Landri (Lat Landericus), Saint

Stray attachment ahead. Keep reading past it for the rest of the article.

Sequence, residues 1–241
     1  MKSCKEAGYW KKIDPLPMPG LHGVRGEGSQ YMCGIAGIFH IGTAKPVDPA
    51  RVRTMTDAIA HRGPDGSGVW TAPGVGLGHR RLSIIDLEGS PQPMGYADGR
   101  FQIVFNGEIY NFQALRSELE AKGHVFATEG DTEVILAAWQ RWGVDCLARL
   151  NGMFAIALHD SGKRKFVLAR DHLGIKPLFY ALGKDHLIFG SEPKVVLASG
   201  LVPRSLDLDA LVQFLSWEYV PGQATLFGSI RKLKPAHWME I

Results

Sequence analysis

Landri (Lat. Landericus), Saint twenty-eighth bishop of Paris, occupied that see about 650, under Clovis II, between Audebert and Chrodebert. He showed his love for the poor during the famine which desolated Paris in 651, by sacrificing all his own means, and selling even the vessels of the altar to help them. A tradition generally accepted in the diocese of Paris, and admitted by the Bollandists, attributes to St. Landri the founding and endowing of the hospital called Hotel Dieu. The monk Marculfe dedicated to Landri his Formules, which he had probably collected at his instigation. The name of this prelate is found among those of the twenty-four bishops who signed the charter of emancipation which Clovis II accorded, in 653, to the abbey of St. Denis, founded by Dagobert I. The last breviary of Paris places the death of St. Landri in 656, and his festal day on June 3, but he is usually commemorated June 10. He was interred in the Church of St. Germain l'Auxerrois, then called St. Germain le Rond. See Hoefer, Nouv. Biog. Generale, s.v.; Smith, Dict. of Christ. Antiq. s.v.